Graffiti painted trains was the classic format of 1980s and 90s but are there any connection to the Russian painted Agitprop train of 1919? The Agitprop train (“agitprop” a portmanteau word combining agitation and propaganda) was sent out to announce the revolution across Russia; its painted carriages were a demonstration of what the future would be like. (There is a 1919 film about the Agitprop trains on YouTube.)
I know that some hardcore aerosol graffiti writers would like to see a connection between this but I’m not sure. It is not as if graffiti writers have the patent on painting trains. The intention of all these officially decorated modes of trains is to enhance its prestige and attraction whereas the graffiti writers are painting for their own reasons.
In the age of railway, trains were often decorated, most frequently in patriotic flags, or specially painted. The Americans had a “Freedom Train” in 1947 painted red, white and blue. France’s president, Charles De Gaulle’ had a private gold and silver decorated train. As well as politicians, circus animal also travelled in brightly painted and decorated railway cars; the brightly painted cages were as part of the attraction.
I am reliably informed that trains are still being painted in Melbourne but I haven’t seen that many in the past years but then I’m not spending a lot of time hanging out on railway platforms where multiple train lines are visible. The war between the railways and the graff writers continues – like all wars the results are often ugly and a peaceful resolution appears impossible.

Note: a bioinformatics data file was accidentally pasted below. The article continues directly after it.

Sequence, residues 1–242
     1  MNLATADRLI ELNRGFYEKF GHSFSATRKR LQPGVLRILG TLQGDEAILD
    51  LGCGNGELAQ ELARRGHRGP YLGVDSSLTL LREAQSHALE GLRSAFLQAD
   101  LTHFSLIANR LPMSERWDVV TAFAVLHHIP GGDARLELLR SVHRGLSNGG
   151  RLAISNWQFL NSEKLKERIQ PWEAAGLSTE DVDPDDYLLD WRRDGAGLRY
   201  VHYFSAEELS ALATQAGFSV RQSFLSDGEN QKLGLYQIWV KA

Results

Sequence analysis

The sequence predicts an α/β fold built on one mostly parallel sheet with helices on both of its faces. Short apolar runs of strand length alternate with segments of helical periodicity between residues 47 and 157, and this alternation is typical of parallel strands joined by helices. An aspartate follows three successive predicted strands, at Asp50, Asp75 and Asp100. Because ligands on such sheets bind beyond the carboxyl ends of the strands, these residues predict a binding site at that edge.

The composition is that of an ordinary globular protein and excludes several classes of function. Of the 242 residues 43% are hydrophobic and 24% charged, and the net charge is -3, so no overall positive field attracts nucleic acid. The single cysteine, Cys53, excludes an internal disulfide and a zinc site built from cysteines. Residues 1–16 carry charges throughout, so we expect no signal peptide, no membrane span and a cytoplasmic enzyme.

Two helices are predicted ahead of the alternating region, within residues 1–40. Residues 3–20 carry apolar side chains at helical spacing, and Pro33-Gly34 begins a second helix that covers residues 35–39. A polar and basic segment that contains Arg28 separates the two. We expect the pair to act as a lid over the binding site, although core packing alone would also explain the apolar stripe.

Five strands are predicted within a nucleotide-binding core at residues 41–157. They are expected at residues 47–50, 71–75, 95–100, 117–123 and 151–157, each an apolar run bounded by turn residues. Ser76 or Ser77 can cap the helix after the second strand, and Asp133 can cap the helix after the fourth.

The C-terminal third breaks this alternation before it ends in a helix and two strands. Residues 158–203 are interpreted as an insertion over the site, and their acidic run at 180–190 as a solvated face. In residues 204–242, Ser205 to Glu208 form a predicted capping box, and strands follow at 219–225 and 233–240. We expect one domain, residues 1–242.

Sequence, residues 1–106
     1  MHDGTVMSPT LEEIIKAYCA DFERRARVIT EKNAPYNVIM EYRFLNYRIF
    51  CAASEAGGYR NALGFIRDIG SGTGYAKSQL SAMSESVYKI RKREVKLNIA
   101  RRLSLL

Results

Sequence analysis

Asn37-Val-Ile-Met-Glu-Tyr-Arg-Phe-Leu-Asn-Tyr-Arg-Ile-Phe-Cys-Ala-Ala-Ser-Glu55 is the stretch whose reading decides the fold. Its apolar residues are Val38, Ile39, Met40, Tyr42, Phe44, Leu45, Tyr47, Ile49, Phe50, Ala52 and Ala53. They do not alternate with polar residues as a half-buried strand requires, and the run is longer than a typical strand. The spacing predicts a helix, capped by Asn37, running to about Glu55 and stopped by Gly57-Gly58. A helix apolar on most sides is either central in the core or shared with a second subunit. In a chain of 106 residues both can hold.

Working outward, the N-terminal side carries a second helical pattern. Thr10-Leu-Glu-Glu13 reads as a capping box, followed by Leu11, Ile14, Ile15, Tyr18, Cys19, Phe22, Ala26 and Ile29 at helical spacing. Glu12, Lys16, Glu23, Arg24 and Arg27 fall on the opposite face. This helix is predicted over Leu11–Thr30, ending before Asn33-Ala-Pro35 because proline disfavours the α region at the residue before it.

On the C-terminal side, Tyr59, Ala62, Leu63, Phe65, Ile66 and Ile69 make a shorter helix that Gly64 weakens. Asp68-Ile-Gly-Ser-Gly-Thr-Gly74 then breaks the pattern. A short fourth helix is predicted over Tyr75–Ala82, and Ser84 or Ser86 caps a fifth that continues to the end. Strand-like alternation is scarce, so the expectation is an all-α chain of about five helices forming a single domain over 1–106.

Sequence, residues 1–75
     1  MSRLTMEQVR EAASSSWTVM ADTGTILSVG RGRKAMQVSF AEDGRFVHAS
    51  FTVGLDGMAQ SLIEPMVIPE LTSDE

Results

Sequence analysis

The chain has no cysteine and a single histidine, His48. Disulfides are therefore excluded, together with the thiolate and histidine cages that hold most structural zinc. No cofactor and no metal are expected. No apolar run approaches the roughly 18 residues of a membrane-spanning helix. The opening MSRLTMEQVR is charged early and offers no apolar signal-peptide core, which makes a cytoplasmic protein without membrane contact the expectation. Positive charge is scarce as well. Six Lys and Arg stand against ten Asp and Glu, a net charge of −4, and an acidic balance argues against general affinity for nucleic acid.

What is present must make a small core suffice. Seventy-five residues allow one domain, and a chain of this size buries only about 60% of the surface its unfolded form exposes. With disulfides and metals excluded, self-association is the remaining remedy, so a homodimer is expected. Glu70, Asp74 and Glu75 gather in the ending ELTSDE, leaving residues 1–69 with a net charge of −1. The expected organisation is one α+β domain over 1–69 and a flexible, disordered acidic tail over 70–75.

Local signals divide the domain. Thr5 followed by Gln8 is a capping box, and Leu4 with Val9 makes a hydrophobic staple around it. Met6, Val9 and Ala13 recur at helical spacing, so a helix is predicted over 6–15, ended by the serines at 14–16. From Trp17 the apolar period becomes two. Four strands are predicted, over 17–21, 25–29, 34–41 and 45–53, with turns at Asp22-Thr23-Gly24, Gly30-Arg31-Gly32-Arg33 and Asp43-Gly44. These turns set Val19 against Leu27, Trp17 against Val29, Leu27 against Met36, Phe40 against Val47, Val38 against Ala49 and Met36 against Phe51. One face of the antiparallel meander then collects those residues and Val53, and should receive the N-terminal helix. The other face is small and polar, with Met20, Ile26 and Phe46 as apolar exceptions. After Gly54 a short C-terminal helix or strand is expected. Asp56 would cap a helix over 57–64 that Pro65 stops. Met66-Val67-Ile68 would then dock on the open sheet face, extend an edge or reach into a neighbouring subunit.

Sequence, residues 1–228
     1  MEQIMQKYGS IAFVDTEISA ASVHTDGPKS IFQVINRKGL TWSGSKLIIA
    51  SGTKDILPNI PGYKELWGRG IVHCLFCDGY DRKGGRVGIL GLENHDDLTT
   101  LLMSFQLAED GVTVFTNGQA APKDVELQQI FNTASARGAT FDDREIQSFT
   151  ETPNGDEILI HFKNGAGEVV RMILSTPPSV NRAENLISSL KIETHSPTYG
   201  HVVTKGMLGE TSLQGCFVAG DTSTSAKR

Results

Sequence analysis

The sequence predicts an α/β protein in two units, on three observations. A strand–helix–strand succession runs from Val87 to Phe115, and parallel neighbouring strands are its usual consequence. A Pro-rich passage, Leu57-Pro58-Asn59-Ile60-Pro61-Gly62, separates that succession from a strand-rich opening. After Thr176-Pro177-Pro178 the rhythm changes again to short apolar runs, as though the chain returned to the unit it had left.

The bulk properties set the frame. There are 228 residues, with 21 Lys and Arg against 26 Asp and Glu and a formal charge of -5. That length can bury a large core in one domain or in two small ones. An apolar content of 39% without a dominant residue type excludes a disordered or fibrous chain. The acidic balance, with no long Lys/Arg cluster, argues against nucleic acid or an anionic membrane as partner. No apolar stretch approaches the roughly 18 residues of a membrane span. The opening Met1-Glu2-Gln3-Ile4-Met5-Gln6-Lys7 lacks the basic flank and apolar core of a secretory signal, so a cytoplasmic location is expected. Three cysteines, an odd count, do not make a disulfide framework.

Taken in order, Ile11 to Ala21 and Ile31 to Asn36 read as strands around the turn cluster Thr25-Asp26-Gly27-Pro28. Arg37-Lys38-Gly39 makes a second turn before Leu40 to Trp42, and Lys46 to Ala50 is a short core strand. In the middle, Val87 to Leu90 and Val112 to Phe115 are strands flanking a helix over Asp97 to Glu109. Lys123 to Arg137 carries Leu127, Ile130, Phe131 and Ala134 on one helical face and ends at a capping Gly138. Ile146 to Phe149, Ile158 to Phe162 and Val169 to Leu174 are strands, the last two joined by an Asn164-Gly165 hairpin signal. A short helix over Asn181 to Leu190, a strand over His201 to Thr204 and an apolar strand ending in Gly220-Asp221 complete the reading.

Melbourne had 40 painted trams in service from 1978 until 1993. It was called “The Transporting Art project” and begun by the Ministry of the Arts under then Premier Rupert Hamer. The artists who painted trams the include: Howard Arkley, Mike Brown, Michael Leunig, Mirka Mora, John Nixon, Clifton Pugh, David Larwill and Lin Onus. (St. Kilda Historical Society has an essay by Joan Auld on Mirka Mora’s tram.) Melbourne needs to revive this art project instead of selling the trams bodies for advertising space.
In 1993 Qantas went bigger and several aircraft painted by aboriginal artists. When will we see the first aeroplane painted by a notable street artist?
I try to photograph all the painted cars, vans and trucks that I see, there aren’t many on the road. (For more pictures see my blog post about Automotive Graffiti.) The hippy tradition of a painted van that started with Ken Keasey’s psychedelic painted bus, “Further” remains a hippy tradition. As a culture we need to ask why are people in Indian and SE Asia happy to decorate their vehicles when the wealthier Westerners don’t? Is the re-sale value more important than the personalisation?